game as it was heading for release, and reactions varied, but the one
quote the studio and the publisher immediately latched onto was the
short description one tester gave when asked to sum Myst up in a single
'The surrealistic adventure that will become your world".
Here's the 'Making of Myst' which was included on the original CD release circa '93:
I actually don't think the gear puzzle was a bad one like
says in his GDC talk; for me the Selenitic mazerunner and the piano
were the two that
drove me nuts as a teenager. But that is a lot of the problem
puzzle design is not easy to do right and what works well for one
player might be frustrating to another who simply doesn't get it.
To be fair though, the piano puzzle is easier now that there
higher resolution versions of the game available.
was one of the first five games included in a recent Smithsonian
exhibit on the history and art of video games. They thought
deserved a place of recognition alongside influential gaming classics
like Pac-Man, Tetris, and Super Mario World.
game was rereleased with 16-bit graphics (not 256 color) in, I think,
Myst: Masterpiece Edition, later rebuilt in realtime 3D as RealMyst in
fall of 2000, then again in 2013 as RealMyst: Masterpiece Edition.
(This is currently considered the definitive release of Myst)
Myst (1993) - 256 colors, low resolution, full music soundtrack,
prerendered graphics with 640x480 resolution maximum.
Masterpiece Edition (1995) - 16-bit color depth, slight reduction of
soundtrack, otherwise same as the first release. Different
sources state different release dates like 1995, 1996, 1998, or 2000,
there's a lot of confusion online related to when exactly this hit
stores, but I think 1995 or 1996 sound about right.
(2000) - Realtime 3D in the Plasma 1.0 game engine which Cyan developed
in-house and which would be developed further later on for Uru and Myst
5, with a linear fog effect obscuring everything past a certain
distance to add atmosphere and reduce rendering load on PCs, and a few
other simple 2000-era shader effects and animations like waving cloth
and particle effect rain, day/night cycles in some worlds, and a new
world at the end (Rime) which is given to the player as a reward for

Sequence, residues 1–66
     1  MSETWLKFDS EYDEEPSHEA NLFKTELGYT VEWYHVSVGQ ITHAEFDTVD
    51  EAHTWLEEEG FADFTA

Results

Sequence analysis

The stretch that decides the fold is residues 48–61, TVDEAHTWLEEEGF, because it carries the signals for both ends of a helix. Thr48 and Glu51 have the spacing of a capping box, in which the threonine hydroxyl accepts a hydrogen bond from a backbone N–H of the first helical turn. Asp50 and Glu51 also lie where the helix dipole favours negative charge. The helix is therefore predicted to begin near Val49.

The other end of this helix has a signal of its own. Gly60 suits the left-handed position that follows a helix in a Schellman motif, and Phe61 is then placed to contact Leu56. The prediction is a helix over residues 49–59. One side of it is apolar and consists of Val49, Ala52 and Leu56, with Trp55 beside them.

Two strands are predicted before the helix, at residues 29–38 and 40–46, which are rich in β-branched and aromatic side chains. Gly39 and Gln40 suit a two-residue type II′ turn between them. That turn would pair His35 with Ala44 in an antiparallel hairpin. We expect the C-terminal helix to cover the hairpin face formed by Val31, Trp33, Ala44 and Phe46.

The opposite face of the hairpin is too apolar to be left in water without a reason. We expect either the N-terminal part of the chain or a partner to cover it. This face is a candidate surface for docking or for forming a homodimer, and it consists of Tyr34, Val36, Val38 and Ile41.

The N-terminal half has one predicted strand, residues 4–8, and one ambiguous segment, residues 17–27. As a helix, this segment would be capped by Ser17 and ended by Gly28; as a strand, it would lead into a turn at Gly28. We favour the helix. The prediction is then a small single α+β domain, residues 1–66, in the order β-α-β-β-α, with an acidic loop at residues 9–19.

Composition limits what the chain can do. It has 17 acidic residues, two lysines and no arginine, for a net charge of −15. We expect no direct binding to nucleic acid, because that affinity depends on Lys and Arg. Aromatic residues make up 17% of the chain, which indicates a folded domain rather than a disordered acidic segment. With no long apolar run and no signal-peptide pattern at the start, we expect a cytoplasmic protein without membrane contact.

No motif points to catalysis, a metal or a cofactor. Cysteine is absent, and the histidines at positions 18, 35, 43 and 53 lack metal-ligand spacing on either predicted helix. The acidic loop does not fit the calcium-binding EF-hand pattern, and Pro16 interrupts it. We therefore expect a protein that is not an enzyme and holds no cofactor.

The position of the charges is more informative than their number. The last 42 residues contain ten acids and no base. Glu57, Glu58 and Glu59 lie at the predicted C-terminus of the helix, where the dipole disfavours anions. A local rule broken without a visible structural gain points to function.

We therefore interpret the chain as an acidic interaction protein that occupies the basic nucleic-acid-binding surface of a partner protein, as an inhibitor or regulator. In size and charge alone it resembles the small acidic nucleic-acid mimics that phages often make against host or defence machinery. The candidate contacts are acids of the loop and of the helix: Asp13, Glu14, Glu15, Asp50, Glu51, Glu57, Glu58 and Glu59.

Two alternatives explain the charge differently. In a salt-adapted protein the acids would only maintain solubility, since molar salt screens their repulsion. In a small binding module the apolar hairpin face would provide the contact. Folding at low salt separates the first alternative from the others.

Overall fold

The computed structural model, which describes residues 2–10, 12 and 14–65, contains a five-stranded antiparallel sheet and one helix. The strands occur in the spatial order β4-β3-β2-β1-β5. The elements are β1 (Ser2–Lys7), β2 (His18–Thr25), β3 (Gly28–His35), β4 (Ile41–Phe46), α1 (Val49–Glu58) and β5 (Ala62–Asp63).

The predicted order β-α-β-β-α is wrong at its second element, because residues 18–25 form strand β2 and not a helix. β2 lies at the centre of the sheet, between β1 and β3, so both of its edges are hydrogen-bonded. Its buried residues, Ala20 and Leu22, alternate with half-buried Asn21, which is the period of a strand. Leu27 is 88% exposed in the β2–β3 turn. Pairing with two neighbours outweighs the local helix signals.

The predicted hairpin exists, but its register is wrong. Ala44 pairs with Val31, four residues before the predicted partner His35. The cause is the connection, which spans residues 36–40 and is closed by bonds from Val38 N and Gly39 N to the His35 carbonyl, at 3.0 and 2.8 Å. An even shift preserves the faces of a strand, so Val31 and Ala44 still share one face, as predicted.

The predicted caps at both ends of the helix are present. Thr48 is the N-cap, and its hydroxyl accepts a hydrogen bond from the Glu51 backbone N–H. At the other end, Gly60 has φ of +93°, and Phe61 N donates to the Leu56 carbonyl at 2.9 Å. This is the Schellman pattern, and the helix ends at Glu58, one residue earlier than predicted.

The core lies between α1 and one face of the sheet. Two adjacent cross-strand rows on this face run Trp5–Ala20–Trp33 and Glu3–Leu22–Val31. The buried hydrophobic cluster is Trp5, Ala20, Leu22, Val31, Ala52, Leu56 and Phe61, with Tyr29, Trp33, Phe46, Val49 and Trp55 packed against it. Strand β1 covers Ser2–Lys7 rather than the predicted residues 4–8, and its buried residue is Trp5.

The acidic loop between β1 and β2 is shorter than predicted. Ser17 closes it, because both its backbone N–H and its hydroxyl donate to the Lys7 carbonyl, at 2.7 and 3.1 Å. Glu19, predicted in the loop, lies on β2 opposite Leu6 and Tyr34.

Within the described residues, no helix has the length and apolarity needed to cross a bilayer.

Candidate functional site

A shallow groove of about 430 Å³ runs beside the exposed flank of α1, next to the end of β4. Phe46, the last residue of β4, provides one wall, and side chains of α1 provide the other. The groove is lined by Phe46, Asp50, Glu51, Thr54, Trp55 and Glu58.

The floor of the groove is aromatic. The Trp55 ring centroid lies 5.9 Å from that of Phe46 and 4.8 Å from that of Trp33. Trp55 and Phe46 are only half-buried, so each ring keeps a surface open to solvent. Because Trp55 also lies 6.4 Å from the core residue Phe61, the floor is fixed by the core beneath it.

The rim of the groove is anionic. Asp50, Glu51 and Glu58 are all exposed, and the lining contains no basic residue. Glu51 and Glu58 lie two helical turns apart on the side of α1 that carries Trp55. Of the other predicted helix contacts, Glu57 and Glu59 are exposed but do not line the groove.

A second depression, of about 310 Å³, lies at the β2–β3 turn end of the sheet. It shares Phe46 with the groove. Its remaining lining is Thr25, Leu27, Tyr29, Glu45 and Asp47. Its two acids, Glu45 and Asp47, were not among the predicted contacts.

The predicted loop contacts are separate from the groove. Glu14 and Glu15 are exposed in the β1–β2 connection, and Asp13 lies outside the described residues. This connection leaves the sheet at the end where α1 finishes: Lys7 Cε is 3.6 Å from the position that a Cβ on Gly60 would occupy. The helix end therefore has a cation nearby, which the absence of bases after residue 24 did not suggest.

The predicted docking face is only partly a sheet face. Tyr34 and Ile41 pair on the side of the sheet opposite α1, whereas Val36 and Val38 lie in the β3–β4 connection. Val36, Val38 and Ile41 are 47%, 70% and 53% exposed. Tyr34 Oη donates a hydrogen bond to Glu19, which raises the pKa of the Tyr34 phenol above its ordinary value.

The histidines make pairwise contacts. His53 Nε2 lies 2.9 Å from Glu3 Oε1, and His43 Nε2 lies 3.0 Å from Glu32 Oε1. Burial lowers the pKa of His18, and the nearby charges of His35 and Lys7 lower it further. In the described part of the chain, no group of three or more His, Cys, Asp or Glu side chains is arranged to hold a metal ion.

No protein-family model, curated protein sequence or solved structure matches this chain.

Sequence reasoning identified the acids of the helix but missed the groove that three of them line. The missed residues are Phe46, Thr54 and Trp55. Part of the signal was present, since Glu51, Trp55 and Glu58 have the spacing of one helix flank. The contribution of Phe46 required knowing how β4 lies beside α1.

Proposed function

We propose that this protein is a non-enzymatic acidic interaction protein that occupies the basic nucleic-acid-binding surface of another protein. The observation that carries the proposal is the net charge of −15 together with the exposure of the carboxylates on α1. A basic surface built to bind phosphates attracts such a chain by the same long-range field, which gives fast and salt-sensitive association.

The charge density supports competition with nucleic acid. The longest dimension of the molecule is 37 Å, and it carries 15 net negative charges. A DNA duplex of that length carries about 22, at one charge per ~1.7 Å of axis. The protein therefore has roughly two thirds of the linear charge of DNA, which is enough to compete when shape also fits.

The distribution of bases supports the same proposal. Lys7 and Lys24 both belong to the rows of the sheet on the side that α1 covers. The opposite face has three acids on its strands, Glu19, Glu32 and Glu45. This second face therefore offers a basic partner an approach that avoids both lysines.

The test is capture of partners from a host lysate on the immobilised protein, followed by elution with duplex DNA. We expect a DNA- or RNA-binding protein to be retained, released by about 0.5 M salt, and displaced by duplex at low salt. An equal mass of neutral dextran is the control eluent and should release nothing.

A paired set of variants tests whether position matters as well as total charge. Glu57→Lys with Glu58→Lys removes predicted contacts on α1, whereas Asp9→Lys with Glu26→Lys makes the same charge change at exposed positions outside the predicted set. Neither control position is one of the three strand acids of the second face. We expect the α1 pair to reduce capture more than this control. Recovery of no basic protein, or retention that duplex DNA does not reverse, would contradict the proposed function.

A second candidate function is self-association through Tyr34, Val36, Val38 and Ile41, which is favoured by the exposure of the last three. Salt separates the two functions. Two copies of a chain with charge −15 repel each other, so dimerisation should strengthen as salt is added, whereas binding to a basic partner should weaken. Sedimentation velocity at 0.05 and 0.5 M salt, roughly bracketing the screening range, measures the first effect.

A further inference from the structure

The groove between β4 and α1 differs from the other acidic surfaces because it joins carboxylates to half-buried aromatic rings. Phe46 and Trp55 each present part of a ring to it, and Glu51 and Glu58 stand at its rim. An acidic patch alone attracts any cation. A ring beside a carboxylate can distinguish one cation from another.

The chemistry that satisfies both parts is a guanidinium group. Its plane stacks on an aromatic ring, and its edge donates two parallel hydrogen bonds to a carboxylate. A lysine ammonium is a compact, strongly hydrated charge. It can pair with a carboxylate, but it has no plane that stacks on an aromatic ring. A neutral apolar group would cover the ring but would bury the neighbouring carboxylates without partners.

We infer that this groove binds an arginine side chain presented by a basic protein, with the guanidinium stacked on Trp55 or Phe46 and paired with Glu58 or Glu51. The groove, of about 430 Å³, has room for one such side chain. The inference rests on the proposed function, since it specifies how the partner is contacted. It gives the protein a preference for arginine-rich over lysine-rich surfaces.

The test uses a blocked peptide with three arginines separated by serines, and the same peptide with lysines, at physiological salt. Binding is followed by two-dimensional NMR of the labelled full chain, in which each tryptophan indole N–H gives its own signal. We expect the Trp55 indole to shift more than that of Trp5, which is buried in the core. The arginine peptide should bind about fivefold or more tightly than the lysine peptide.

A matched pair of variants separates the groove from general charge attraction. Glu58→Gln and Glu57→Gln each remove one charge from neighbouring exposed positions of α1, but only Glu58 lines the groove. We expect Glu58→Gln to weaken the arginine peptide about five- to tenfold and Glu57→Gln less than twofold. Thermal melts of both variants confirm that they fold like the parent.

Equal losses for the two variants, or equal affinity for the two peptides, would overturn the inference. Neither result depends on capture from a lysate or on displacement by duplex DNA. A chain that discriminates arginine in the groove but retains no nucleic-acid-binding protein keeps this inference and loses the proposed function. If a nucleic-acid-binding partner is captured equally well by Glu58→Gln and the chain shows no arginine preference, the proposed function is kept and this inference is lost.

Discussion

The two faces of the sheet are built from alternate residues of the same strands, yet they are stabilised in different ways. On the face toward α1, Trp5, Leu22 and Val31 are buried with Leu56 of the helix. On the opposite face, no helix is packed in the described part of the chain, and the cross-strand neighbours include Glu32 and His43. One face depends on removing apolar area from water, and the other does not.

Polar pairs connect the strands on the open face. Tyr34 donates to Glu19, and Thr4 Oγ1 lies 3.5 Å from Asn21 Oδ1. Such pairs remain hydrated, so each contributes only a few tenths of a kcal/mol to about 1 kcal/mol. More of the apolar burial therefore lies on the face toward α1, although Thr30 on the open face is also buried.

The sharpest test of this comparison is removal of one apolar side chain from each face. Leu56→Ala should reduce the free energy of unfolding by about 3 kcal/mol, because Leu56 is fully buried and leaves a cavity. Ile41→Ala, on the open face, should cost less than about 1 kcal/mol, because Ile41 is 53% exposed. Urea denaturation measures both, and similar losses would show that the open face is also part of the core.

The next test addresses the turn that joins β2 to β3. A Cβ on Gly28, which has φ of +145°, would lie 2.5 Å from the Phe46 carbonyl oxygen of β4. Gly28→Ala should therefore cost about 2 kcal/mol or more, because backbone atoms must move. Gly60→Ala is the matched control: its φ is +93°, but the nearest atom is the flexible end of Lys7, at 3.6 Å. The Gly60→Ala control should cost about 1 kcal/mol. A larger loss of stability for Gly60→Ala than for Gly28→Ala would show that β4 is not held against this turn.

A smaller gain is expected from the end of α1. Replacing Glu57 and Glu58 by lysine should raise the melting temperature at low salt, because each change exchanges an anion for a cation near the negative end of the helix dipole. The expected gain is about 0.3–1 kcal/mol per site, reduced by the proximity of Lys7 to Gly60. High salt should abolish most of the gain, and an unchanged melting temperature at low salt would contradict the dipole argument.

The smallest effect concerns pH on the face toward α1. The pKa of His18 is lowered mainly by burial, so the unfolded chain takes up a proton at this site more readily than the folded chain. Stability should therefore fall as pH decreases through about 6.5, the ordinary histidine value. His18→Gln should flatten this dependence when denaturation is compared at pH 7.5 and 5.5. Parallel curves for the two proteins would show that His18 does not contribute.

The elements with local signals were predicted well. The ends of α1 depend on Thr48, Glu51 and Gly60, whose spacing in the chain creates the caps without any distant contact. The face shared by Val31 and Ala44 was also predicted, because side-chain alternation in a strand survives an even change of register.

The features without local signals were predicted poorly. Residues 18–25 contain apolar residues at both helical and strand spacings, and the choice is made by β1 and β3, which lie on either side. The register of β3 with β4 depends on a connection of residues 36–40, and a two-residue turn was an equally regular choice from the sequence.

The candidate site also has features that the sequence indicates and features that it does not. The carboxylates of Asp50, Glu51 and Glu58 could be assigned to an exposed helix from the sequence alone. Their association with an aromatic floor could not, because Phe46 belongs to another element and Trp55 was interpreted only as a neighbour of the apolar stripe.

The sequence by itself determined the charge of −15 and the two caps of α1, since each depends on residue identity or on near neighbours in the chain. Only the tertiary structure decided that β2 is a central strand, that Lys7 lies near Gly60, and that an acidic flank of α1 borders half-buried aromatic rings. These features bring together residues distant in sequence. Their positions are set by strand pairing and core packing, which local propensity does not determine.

reaching the end. Rand Miller rerecorded his role
for this one, but the other two characters in the game remain low-res
FMV from 1993.
RealMyst: Masterpiece Edition (2014) - though
some players asked why it was worth releasing the game a fourth time,
the fact is that the game was due for another update given the fact
that the previous version was over 12 years old.
RM:ME added a lot
more visual detailing to textures, meshes, lighting, water, and various
effects, and added day/night cycles to some worlds while inexplicably
removing them from others. This, combined with other assorted
flaws like the optimization issues and high-end system requirements at
initial release, as well as the $18 initial price point, and the
continued use of the old low-res 1993 FMV performances along with some
other things which could have been updated, have resulted in a mixed
reaction from players.
HERE IS A COMPARISON OF SCENES FROM REALMYST (2000) and RM:ME (2014):
HERE'S A FIRST TIME MYST PLAYER INITIALLY CONFUSED WHILE PLAYING
REALMYST: MASTERPIECE EDITION:
My take on RM:ME is, if you're new to this series:
It's worth getting if you've never played Myst before as it's, while
imperfect, still the best version of the game currently available.
If you're a fan:
- Worth it if you're a BIG fan but otherwise wait for it to go on sale.
If you dislike the Myst series and aren't a fan:
-Don't buy it. If you didn't like Myst in 1993 it's unlikely
you'll like it now, even with a graphical overhaul.
Myst series and Obduction are creative works by Cyan, Inc.
copyright infringement is intended as this is a non-profit
informational fan page.